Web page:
In his first week as president, Donald Trump signed a series of executive orders aimed at delivering on the promises that he made during the campaign. Among those campaign pledges that Trump has already addressed: undoing the Affordable Care Act, building the US-Mexico border wall, lifting federal prohibitions on drilling, and banning refugees and citizens from Muslim countries as well.
Trump’s administration has also instituted a temporary communication ban at the Environmental Protection Agency and the Department of Health and Human Services. Although it’s not an executive order, Trump instructed those agencies to stop sending out news posts, specifically on social media.
While his executive orders might seem dramatic or even dystopian, it’s important to recognize that a signature does not necessarily indicate immediate action.
Newly inaugurated presidents typically sign sweeping executive actions during their first 100 days to demonstrate their commitment to constituencies. During President Obama’s first week, he signed roughly the same amount of executive orders as Trump — he famously closed Guantanamo on day one, but that prison remains operational (and could expand during Trump’s presidency).
Below you can check out a running list of Trump’s executive orders that we’ll continue to update as he enacts more.
- Restricting abortion access – Trump reinstated the global gag order, also known as the Mexico City Policy, which was introduced by President Reagan in 1985. The policy prohibits federal aid to family planning organizations that counsel on or provide abortions.
- Enacting a federal hiring freeze – Other than in the military or public safety positions, Trump has temporarily frozen hiring for federal agencies with open positions. Trump’s intention is to reduce the size of the federal government workforce over time.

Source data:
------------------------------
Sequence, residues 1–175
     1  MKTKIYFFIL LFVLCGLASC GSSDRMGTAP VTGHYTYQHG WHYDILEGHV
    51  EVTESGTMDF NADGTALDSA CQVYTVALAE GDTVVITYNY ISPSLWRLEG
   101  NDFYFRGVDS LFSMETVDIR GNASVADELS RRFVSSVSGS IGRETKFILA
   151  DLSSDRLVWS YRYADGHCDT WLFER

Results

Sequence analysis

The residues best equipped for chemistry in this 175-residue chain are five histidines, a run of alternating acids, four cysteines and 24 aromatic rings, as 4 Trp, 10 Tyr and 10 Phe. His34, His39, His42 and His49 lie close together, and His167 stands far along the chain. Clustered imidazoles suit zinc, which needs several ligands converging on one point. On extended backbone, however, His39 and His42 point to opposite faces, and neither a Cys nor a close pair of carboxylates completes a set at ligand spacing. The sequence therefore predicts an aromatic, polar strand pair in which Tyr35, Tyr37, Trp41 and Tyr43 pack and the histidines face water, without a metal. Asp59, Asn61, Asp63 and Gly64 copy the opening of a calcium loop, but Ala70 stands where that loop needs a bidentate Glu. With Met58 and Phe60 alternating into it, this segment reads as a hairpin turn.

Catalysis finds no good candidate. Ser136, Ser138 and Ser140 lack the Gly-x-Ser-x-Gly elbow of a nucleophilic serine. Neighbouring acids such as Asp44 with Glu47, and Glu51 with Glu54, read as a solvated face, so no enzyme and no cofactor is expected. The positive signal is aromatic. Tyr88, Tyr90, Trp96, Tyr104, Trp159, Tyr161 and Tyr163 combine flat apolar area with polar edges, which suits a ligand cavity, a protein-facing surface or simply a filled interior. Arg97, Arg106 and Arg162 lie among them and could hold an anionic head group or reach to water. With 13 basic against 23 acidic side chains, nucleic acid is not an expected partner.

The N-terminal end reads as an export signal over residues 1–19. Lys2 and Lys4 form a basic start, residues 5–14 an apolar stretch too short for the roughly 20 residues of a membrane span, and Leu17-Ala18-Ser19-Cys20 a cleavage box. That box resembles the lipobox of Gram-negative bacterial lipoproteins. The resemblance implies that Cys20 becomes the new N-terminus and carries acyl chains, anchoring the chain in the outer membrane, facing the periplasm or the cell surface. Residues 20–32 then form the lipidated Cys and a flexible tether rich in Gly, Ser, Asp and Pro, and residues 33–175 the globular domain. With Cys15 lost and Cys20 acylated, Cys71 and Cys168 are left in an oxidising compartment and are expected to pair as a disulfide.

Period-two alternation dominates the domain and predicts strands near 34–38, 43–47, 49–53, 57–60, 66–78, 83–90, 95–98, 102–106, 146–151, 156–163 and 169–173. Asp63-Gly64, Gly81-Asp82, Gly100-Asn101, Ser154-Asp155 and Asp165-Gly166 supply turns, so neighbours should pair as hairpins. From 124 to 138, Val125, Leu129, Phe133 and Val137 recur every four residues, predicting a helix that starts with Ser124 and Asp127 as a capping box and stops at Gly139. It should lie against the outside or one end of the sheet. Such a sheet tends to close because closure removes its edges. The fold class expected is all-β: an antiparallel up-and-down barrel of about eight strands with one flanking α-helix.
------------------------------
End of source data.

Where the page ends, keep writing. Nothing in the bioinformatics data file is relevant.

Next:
- Dismantling of the Affordable Care Act – With help from the Republican-held Congress, Trump initiated plans to dismantle Obamacare. On Jan. 23, he signed an order that will “minimize the unwarranted economic and regulatory burdens” of the Affordable Care Act. Essentially, this means that federal agencies do not have to comply with the law if it is fiscally straining.
- Withdrawing from the Trans Pacific Partnership – Trump rejected Obama’s TPP trade deal and withdrew from the alliance, as he promised to do. His reasoning? Refusing to ratify the TPP might make it easier to keep jobs in America.
- Enacting a federal regulation freeze – Like the federal hiring freeze, Trump also froze the implementation of all new federal regulations currently awaiting approval. Regulations like climate policies that Obama instituted during his final week will be reviewed by Trump’s administration.
- Renewing formerly banned drilling – Trump signed an order that would immediately renew construction of the North Dakota Access Pipeline that the Army Corps of Engineers halted in November. Additionally, Trump overturned Obama’s rejection of construction of the Keystone Pipeline, which would transport shale from Canada to the Gulf Coast.
- Restricting immigration – The wall between Mexico and America will be built, according to another order signed by Trump. Responding to the threat of domestic terrorism, Trump has also signed a directive to block refugees from Syria from entering America as well as a 90-day halt on anyone from Iraq, Syria, Iran, Sudan, Libya, Somalia, or Yemen from entering the country, according to the New York Times. Syrian refugees will reportedly not be allowed to enter the country for an indefinite amount of time. Refugees from other countries will have their cases reviewed after a 120-day halt on processing.
- Limiting federal regulations – Trump issued a somewhat vague order which requires the repeal of two federal regulations for every new regulation implemented. Aimed at limiting regulations for businesses, Trump described the order as beneficialfor reducing governmental regulations’ “damaging effects on our small business, our economy, [and] our entrepreneurial spirit.”
- Restructuring of the National Security Council – In the midst of considerable backlash to his immigration ban, Trump quietly restructured the National Security Council. The president promoted his Senior Adviser, Steve Bannon, to a position on the council (which is typically reserved for Generals). The Joint Chiefs of Staff, who have historically advised the president on matters of National Security, were demoted to optional meeting attendance. The White House defended the reorganization by claiming the Joint Chiefs of Staff’s presence might not be required for every meeting and falsely claiming the order mirrored directives from Presidents W. Bush and Obama.